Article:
Now and Then

Now Emmaline Carson has settled into her career as a graphic designer, though she’d rather be painting or shopping with her sister Layla. But then – in the years before she went to art school in Paris – she was a shy, awkward teenager with frizzy hair, a flat chest and a massive crush on the boy across the street, Cole Marlowe. Too bad her incredibly hot neighbor only had eyes for Layla.

Cole is now a confident, laid-back attorney who’s even hotter than he used to be. He’s planning to stay single while working his way up the corporate ladder – until he’s knocked off course by a chance run-in with Emma.
Everything is different between Cole and Emma now. He finally sees her in a way she only dreamed of, and their hot chemistry is fueled by a growing friendship. But Emma’s deception of her sister – who wants Cole for herself – and the secret Cole’s been keeping for more than a decade threaten to tear apart what’s only just begun. Because sometimes the only thing standing in the way of now is then.

What People are Saying

“This is one of those novels that you become emotionally attached to. I felt like I relived high school right alongside the characters, while watching them become amazing professionals in their own fields. I laughed, I cringed, I cried ‘aww’ and squealed like a little girl.”

— Jonel of Pure Jonel Book Reviews

“I just can’t say enough about this book. You can tell that Brenda Rothert poured her soul into this book! You can feel the emotions of the characters.”

— Twinsie Brenda of Twinsie Talk Book Reviews



Now and Then – Chapter 1

Chapter 1

The color blue had a bad rap, Emma Carson decided as she pulled her paintbrush away from the canvas, studying it. Sure, blue symbolized feeling, well … blue, but painting with it always reminded her of a clear summer sky, full of promise. Few colors could convey such a wide range of emotions just based on shade. Pale blue felt light and serene. Bright blue was bold and striking.

The insistent blare of a car horn outside snatched her back to reality, and Emma turned toward the clock, groaning when she saw how late it was.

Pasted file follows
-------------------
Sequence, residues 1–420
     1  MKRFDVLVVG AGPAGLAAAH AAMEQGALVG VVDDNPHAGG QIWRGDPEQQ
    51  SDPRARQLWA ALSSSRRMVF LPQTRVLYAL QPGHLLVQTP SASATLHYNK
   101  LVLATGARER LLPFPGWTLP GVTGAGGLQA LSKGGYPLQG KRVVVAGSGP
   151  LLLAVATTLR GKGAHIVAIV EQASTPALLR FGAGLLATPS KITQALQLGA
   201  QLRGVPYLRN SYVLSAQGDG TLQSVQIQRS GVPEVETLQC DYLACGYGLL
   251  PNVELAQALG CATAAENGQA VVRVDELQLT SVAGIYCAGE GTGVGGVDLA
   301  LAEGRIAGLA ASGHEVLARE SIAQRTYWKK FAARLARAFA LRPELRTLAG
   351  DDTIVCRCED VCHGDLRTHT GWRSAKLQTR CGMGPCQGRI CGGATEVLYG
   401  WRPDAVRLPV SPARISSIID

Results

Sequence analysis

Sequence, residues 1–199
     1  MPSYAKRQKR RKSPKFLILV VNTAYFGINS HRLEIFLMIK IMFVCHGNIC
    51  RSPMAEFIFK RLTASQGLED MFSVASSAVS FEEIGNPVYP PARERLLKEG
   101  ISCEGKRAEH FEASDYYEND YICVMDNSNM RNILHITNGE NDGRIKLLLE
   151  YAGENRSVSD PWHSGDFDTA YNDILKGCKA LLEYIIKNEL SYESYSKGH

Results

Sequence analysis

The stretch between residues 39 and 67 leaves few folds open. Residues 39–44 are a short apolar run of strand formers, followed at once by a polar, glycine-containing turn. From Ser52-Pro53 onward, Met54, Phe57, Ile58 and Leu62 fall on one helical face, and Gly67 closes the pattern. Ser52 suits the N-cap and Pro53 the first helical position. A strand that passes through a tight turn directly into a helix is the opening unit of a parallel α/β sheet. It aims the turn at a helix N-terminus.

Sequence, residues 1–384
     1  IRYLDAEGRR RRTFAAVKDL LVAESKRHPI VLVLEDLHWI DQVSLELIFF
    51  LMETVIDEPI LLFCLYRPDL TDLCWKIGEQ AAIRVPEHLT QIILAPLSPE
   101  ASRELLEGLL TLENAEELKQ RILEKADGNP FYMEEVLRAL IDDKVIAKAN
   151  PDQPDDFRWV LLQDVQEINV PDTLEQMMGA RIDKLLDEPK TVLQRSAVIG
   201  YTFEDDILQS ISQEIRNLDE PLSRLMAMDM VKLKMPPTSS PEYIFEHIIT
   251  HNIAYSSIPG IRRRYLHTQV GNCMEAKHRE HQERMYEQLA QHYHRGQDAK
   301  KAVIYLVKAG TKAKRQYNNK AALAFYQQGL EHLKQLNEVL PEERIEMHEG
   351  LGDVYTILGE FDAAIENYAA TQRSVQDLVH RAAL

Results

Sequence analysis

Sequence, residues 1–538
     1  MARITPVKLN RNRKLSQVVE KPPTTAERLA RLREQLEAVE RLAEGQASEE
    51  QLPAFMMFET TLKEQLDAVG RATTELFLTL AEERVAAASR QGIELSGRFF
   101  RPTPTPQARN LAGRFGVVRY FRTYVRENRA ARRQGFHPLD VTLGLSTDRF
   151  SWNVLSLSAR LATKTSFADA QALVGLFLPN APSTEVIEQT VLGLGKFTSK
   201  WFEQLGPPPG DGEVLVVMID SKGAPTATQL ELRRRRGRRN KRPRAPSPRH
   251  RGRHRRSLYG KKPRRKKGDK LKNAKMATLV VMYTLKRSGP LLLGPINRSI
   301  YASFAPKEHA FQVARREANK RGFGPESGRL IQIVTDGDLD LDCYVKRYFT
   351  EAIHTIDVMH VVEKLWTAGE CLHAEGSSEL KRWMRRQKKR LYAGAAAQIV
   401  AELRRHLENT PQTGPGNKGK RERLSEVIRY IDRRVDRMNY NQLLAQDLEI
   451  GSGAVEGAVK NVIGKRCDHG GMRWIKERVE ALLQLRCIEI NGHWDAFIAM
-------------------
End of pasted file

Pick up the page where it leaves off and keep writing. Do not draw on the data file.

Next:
Shit. Painting before work isn’t a good idea.

She slipped into her shoes and grabbed her bags, cursing the deadbolt that only stuck when she was trying to open it in a hurry.

Halfway down the final flight of stairs from her third floor apartment, she realized she’d forgotten her phone. She glanced at her watch, swore under her breath, and raced back up.

Her heels pounded loudly on the wood stairs while she fished through her purse for her keys. Lipstick, beaten-up paperback, the paintbrush she’d lost … a spoon? And finally, the keys.

“Vincent, move!” she ordered the gray cat that headed for her ankles when she pushed the door open. He gave her a look of feline indignation and stalked away. Emma dug through a scattered pile of paperwork on her kitchen counter, pushing aside a stack of folded laundry and vowing to clean her apartment that night.

No phone. She shook her head with frustration at how utterly and completely reliant she was on the thing. Her train left in seven minutes, and running — in heels — was the only way she’d make it. If she didn’t fall and break any bones on the way.

“The charger!” she cried, running to her bedroom and sighing with relief when she saw her phone at the end of its plug on her bedside table. She swiped it and ran for the door.

By the time she made it down all three flights of stairs for the second time, a layer of sweat coated her skin. She held her bag against her body, preparing to break into a run, when her phone sang out the melody that signified a call from her sister. She rolled her eyes as she pressed it to her ear.

“Hey, what’s up?”

“Why didn’t you answer the first time I called?” Layla demanded.

“I don’t know. I might have been asleep, or maybe because I forgot my phone and had to go back for it.”

“Are you running? You sound out of breath.”

“Yes, I’m running,” Emma clipped. “I’m super late and I’m about to miss my train.”

“Em, you need a fucking car. I don’t know how you survive in this city without one.”

“Well, graphic designers make less money than attorneys, Layla. I can’t afford a car.”

“Did you oversleep again?”

“Kind of. I meant to get up earlier, and then I started painting and I lost track of time … excuse me!” Emma called to a cluster of people blocking the sidewalk as she dashed past.

“I’ve been up for four hours. I did a spin class at five and got to the office at seven.”

“That’s great, Layla. Is that what you called to tell me?”

“No. I was going to tell you about my date last night, since your love life exists vicariously through mine these days.”